Step 4: Connect to SharePoint Online


Next up: SharePoint Online. Once again, we need to import the correct Windows PowerShell module before we can do anything else. Fortunately, that’s easy to do; just type this command from the Windows PowerShell prompt and then press ENTER:

Import-Module Microsoft.Online.SharePoint.PowerShell


When you do this you will probably see the following error message displayed onscreen:
WARNING: The names of some imported commands from the module 'Microsoft.Online.SharePoint.PowerShell' include unapproved verbs that might make them less discoverable. To find the commands with unapproved verbs, run the Import-Module command again with the Verbose parameter. For a list of approved verbs, type Get-Verb.
You can safely ignore this warning. The message appears because one of the SharePoint Online cmdlets, Upgrade-SPOSite, uses the verb Upgrade in its name; that verb is typically not used in Windows PowerShell cmdlet names. However, this deviation from the naming standard won’t hurt anything, and the cmdlet will run just fine.

In order to connect to SharePoint Online, you need to supply two pieces of information: your credentials, and the URL of your SharePoint admin site. The credentials part is easy: we’ve already stored that in the variable $credential (see Step 2: Create a Windows PowerShell Credentials Object). As for the URL of your admin site, that’s easy enough to determine as well. Suppose your Office 365 domain name is this:

To determine the admin site URL, do this:

  1. Start by using the prefix https://.

  2. Add the domain host portion of your domain name. For example, if your domain is then your domain host name is litwareinc. If your domain name is then your domain host name is contoso. Etc., etc.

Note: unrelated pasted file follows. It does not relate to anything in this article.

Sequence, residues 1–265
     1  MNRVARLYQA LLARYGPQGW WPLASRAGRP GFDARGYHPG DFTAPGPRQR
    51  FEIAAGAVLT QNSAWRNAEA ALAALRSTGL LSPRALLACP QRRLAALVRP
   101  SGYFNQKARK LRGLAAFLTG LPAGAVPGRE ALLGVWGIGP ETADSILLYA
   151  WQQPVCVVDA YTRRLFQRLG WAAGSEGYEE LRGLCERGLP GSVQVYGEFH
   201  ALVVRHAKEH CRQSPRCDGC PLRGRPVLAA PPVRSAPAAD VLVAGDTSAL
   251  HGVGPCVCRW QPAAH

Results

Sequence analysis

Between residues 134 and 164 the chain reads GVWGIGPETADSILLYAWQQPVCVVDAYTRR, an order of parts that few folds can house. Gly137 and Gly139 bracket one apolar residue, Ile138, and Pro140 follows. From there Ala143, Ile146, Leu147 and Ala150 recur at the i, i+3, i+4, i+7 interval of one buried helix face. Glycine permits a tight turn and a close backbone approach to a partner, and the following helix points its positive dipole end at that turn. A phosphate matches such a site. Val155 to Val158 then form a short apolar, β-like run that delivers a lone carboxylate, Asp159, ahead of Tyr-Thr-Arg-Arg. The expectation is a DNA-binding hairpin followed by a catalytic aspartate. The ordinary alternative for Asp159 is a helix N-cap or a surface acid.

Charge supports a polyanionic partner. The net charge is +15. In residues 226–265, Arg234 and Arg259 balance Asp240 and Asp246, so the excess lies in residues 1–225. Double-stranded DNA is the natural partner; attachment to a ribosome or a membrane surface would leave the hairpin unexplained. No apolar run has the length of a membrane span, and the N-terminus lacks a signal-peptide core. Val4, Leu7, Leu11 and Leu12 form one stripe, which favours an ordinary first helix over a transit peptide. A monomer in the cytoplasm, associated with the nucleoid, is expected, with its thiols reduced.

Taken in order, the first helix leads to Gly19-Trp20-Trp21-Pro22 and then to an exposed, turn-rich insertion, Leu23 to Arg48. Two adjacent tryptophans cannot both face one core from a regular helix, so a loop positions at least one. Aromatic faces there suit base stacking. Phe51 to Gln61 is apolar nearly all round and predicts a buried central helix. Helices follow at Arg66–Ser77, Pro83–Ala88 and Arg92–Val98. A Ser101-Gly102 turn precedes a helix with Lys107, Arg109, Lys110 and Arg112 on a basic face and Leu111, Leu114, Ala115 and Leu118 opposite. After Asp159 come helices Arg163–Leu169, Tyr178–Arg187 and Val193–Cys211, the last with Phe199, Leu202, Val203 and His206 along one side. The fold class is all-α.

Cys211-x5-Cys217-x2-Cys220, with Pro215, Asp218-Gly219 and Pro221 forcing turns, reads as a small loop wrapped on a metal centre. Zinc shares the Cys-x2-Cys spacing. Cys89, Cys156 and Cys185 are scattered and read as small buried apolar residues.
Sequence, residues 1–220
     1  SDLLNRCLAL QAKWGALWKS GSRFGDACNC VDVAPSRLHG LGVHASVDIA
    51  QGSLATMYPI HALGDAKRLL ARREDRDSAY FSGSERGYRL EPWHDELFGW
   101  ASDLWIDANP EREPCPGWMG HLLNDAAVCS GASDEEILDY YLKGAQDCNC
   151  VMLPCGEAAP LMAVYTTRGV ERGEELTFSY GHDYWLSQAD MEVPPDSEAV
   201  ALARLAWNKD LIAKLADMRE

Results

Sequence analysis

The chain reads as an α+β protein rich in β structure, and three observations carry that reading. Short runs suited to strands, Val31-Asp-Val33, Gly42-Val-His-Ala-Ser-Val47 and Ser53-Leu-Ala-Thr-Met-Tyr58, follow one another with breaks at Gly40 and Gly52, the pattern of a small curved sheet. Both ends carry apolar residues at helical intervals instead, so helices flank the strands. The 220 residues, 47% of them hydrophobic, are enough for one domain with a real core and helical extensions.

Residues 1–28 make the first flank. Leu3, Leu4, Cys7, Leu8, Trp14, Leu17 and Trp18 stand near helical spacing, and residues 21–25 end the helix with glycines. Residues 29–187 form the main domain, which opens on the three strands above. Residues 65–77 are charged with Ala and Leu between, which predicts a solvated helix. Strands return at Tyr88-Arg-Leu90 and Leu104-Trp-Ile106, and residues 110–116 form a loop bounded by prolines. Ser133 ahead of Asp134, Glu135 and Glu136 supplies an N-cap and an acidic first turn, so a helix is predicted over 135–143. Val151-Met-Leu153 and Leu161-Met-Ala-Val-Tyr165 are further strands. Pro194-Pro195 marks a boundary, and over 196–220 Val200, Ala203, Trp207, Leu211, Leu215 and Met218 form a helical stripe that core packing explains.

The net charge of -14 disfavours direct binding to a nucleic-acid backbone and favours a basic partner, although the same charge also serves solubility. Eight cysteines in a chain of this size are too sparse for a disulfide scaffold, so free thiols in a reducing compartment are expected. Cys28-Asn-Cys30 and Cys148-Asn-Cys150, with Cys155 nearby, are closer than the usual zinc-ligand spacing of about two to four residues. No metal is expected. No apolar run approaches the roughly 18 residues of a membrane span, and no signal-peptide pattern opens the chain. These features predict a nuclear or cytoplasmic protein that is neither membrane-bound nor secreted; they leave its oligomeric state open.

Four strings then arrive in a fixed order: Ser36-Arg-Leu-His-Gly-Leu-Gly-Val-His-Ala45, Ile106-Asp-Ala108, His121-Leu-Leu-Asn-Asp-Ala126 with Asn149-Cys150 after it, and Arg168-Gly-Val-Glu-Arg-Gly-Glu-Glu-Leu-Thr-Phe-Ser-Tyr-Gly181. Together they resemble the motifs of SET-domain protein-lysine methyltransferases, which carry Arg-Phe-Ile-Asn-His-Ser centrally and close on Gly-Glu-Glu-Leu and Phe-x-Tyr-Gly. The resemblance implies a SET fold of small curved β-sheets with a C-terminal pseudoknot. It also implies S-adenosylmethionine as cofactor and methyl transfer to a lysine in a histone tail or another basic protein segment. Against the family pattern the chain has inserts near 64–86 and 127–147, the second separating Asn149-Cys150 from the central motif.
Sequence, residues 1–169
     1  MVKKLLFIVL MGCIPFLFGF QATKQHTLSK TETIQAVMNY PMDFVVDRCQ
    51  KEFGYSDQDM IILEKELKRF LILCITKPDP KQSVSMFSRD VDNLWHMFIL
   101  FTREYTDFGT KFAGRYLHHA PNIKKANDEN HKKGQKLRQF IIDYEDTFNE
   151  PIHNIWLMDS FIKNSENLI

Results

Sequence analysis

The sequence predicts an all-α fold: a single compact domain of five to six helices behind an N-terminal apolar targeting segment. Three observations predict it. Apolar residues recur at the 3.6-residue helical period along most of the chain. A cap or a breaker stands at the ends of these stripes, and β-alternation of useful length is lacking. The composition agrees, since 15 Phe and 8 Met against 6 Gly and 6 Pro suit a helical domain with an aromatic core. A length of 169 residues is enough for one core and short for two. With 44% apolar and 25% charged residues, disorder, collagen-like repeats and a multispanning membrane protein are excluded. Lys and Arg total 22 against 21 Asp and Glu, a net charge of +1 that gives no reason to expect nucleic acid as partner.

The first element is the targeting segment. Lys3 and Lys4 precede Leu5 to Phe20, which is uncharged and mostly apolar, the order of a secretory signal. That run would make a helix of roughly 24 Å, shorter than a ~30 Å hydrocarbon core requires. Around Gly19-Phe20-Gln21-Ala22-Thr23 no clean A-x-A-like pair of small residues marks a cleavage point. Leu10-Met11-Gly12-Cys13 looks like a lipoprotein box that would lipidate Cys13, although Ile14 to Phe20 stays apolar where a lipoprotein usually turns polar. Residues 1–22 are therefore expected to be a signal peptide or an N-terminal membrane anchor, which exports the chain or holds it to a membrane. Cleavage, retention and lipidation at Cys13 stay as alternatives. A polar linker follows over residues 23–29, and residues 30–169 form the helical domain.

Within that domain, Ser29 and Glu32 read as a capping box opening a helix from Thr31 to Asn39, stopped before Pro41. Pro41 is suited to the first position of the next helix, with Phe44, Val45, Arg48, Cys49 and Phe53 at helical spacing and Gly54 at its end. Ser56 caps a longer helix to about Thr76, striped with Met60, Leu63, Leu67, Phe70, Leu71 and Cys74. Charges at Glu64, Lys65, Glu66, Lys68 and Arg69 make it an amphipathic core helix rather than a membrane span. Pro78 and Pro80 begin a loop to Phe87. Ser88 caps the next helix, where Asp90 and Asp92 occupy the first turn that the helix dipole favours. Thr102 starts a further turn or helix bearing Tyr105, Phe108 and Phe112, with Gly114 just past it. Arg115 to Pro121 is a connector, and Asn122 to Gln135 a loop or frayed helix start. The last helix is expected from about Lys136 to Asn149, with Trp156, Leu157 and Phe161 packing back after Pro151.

3. Add a hyphen (-) followed by

In other words:

https:// + litwareinc + =

After you’ve constructed the URL you can then use that URL and your credentials object to connect to SharePoint Online. Just call the Connect-SPOService cmdlet, using a command similar to this one:

Connect-SPOService -Url -credential $credential

To verify that the connection has been made, type the following command at the Windows PowerShell prompt and press ENTER:


You should get back a list of all your SharePoint Online sites:

Url                                       Owner          Storage Quota
---                                       -----          -------------                 1000                                                                                                       1000                                                                                                 1000       

But here’s the best part: your Office 365 commands (the ones described in Step 3: Connect to Office 365) will still work. (Try running Get-MsolUser and see for yourself.) That means that you can now manage both Office 365 and SharePoint Online from the same instance of Windows PowerShell. And that’s good. But it’s not quite good enough.

Step 5: Connect to Lync Online

See Also

Connect to Office 365 by using a single Windows PowerShell window